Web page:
Europe 2017 – Summary, Part Three

August 24 – November 15

We spent time in just three countries this trip, Greece, Spain, and France.  Each was an extremely positive experience and we’ll recount these, and maybe some drawbacks in the following posts.


View from the Back of the Theater

View from the Back of the Theater at Delphi

My one and only visit to Greece was a month spent at the end of a three-month trip to Europe in 1979.  I’d been hitchhiking since May and would end up spending two weeks each on two different islands, Corfu and Paros during the month of August.  I would meet a group of folks, some of who are still friends to this day and we would wild camp on the beaches of Pelekas, Naousa and Kalimbitres.

This would be different experience.  It’s great to go back to places visited many years ago, some as far back as when one is a child and see them through the eyes of the person you have become.  Joanna had not been to Greece and so we’d both get to see it afresh; we wondered if the effects of the Greek economic crash (which occurred after ours in 2008 and was far more devastating) would impact our ease of travel and how difficult it would be to navigate in a language not easily mastered.  We found exactly the opposite to be true.

Since my visit in the 1970’s, the Greeks recognized that their language is difficult to learn and so made the decision collectively to move towards English as the universal second language.  Thus, it was spoken everywhere and most of the signage was in both languages.  Scratch that difficulty off the list.  As for Greeks attitudes towards tourists, it couldn’t have been any more welcoming or genuinely friendly.

J and J Delphi

J and J at Delphi

From our arrival in the heart of the Plaka in Athens, to hotel clerk interaction and almost every waiter we encountered, each point of contact seemed to be about us, not the money we brought to the experience.  My favorite story to recount finds us on the overnight ferry to Crete from Athens, after we’d spent an enjoyable and educational week on the guided bus tour of the Peloponnese.

With the advent of inexpensive air fares in Europe, the Greek ferry industry business has declined, particularly for a long trip like this one, and the boat we were on, while nicely maintained, seemed like a fading movie star.  We opted to have a nice dinner in the ship’s restaurant (Instead of the cafeteria) and were glad for it, the waiter friendly and engaging.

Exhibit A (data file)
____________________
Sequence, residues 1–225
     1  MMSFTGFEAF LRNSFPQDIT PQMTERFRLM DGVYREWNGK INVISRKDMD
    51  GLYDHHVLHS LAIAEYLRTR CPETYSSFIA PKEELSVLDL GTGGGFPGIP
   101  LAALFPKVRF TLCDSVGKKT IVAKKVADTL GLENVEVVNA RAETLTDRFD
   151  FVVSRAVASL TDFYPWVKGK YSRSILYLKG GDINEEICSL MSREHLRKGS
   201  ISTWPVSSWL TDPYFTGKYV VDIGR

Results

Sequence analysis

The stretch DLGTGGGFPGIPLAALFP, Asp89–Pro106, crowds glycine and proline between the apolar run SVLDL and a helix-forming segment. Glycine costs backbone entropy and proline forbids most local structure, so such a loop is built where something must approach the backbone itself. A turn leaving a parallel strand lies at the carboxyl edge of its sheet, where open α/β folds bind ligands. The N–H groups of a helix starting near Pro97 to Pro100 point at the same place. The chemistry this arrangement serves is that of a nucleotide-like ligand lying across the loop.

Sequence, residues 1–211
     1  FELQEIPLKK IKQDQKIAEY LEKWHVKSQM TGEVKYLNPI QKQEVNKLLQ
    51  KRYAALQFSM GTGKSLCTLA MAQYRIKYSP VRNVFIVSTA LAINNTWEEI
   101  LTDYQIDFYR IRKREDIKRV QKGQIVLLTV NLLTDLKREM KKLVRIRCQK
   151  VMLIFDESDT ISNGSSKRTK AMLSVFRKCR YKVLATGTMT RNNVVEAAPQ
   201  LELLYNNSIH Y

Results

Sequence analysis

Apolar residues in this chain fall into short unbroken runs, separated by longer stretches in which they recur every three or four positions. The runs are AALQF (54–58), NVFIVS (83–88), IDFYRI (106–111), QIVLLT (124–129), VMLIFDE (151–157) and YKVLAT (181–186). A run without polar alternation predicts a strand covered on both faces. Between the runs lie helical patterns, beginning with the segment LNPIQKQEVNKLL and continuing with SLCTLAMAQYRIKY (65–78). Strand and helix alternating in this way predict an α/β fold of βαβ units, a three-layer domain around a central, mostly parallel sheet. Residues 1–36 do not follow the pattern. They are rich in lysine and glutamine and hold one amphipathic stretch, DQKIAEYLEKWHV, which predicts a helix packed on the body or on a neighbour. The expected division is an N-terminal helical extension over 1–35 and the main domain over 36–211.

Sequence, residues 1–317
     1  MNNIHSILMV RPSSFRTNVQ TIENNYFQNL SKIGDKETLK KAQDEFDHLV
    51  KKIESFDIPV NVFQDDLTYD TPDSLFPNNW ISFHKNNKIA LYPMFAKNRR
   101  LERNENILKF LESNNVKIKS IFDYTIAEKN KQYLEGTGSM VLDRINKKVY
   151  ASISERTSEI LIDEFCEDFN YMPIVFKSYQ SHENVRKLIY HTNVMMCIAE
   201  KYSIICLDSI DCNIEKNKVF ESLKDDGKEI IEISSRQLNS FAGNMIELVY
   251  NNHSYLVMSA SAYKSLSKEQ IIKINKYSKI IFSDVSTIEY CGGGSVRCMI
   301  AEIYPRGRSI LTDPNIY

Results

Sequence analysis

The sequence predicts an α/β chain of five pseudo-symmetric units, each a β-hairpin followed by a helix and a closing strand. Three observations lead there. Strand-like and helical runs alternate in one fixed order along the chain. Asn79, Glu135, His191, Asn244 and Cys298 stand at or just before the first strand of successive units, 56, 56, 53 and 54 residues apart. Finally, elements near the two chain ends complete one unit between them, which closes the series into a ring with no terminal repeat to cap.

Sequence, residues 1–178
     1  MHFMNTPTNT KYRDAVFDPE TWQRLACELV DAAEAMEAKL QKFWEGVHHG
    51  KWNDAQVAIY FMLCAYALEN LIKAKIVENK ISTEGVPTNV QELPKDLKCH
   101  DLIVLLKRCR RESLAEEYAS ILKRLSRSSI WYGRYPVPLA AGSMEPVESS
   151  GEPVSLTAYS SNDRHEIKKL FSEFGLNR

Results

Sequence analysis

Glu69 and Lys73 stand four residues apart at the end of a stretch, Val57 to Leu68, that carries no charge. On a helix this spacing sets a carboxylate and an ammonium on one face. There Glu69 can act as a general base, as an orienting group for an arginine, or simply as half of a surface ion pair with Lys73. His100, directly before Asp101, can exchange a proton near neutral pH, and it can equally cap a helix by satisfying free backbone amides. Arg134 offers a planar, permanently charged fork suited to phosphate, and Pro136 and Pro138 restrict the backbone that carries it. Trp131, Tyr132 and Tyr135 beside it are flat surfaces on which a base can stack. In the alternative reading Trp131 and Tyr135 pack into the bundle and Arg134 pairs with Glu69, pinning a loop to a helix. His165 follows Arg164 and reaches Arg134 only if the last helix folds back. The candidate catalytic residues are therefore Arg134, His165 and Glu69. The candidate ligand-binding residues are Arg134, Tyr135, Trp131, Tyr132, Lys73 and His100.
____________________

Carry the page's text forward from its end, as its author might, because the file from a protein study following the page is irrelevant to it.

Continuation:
We worked our way through a bottle of wine (having started with ouzo aperitif’s in the room) and at the conclusion of the meal, our waiter brought out a bottle of Raki or some other local brandy and three glasses, one for each of us.  We would find this ritual repeated at every meal on Crete from that point on, sometimes with the waiter, sometimes with the owner.  Needless to say, after docking the next morning, the mile long walk to our hotel was not the most pleasant of experiences as I dealt with the effects of drinking with the Greeks.

The Pool

One of the Pools

Besides the hospitality, Greece is a very affordable place to travel through.  One’s two biggest expenditures, lodging and food worked out to an average of 64 euros and 61 euros per day ($75 and $72), respectively.  Here’s the full breakout:

Total E
Total $
Avg./Day (E)
Avg./Day ($)

Generally, all of our lodging was clean, comfortable, relatively new, and featured a number of amenities, often a swimming pool and a small kitchen set-up in our room.  More than half included breakfast.  And for some, $72 dollar may seem a bit much for food but keep in mind this also includes one nice meal and bottle of wine each day.  Greece is still a country where the food you eat was likely grown nearby, so the quality of the produce is outstanding.  Seafood is abundant, but a variety of protein abounds and so one is rarely bored or unsatisfied after a meal.

Tour Guide George

Our Tour Guide George

One big change for us was our decision to book a five-day guided tour by bus of the Peloponnese though Fantasy Travel.  This turned out to beneficial in a number of ways.  For a total cost of 1,300 euros ($1,466), or an average of a shade under $300 a day for the two of us (about $65 a day more than our overall average cost per day), we stayed in first class hotels, ate very good food (most of it buffets), were driven from site to site in a comfortable bus and had an excellent guide to help us more fully understand the historical context of the amazing places we viewed.

The Bronze Charioteer

The Bronze Charioteer

We enjoyed it enough to commit to doing more of it in the future.  One drawback is that you often don’t get to spend as much time as you would like at any particular site, but this is more than offset by the total number of things these types of tours can cram into a day.  The other positive element is how it, combined with our overall time in Greece, immersed us in Greek history, which is essentially that of our modern-day civilization.

Temple of HephaistosWhen added to the Roman history we got there and later on in Spain and France, our appreciation for these two civilizations and their contributions to our way of life was deeply enhanced.  And so, we came away from this first part of the trip tanned, well-fed, and eager for more  Given how much we travel and how many more places we need to see before we stop, I’m not sure we’ll return to Greece, but I’m very glad we made it this time around and it is truly a visit I will long remember.

Santorini Sunset

Santorini Sunset



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